As an Asetek-built unit underneath, it is similar to many other coolers. Still, Asus has chosen to include fans tuned for low noise operation, with a maximum noise rating of 29dB(A). Even when running at full speed, it stays hushed, which means it won't deliver the low temperatures of some other 240mm units. But this won't be a concern unless you're loading up a high-core count processor for long periods.

Even when running at full speed, it stays hushed, which means it won't deliver the low temperatures of some other 240mm units.

If you're looking for an affordable AIO with ARGB support that's also quiet and affordable, then the LC 240 ARGB is well worth a look. Install it and you'll forget you’re even running a liquid cooler. One of the other key characteristics of the TUF brand is reliability, and the LC 240 ARGB comes with a six-year warranty for that little bit of extra peace of mind.

5. Cooler Master MasterLiquid ML360R RGB

The best value 360mm liquid cooler


Socket support: Intel LGA20XX, LGA1366, 1200, 115X, 775, AMD AM4, AM3, AM2, FM2, FM1 compatible
Scale: 360mm
Full radiator dimensions: 394 x 119 x 27mm
Fan speeds: 650–2000RPM
Noise level: Up to 30dB(A)

Reasons to buy

Value for money
Cooling performance

Reasons to avoid

Large radiator means you will have to check your case for scale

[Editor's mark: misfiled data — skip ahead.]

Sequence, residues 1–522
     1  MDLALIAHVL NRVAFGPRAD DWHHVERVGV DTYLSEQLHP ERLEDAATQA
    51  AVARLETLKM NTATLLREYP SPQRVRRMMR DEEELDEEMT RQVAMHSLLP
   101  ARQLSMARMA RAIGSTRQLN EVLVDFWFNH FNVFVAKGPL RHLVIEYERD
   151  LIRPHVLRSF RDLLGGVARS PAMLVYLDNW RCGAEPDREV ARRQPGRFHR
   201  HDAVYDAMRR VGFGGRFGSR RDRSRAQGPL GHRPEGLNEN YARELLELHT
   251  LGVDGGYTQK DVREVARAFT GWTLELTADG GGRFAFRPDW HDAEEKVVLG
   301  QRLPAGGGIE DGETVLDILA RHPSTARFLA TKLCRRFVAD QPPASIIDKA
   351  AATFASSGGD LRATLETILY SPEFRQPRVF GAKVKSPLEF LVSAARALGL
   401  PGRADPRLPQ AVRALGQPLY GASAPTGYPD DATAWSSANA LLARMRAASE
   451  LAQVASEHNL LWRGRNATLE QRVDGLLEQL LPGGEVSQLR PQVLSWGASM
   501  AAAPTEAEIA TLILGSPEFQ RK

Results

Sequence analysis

The Cooler Master MasterLiquid ML360R RGB isn't the newest cooler on the market, but it's been one of our favorites for a long time. It offers a good blend of cooling performance and ARGB customizable good looks. It just so happens to be one of the better-value RGB-supporting 360mm coolers on the market. What's not to like?

The ML360R comes with its own RGB controller, which is great if you hate installing too much software on your system. There might be a bit of cable spaghetti, but with some careful routing, this shouldn't be a problem.

The ML360R is an oldie but a goodie, and it remains our favorite AIO.

Performance-wise, the ML360R is very good,  though AIO manufacturing has come a long way, and it's no longer the class-leading performer it once was. That probably sounds too harsh because the ML360R is certainly no dud and will easily handle a modern high-core count processor.

The Cooler Master ML360R is a very good all-rounder. If your case can handle a 360mm rad, you'll find it offers a great blend of cooling ability, good noise levels, ARGB good looks, and, as it is now a mature market entrant, offers very good value for money. The ML360R is an oldie but a goodie, and it remains our favorite AIO.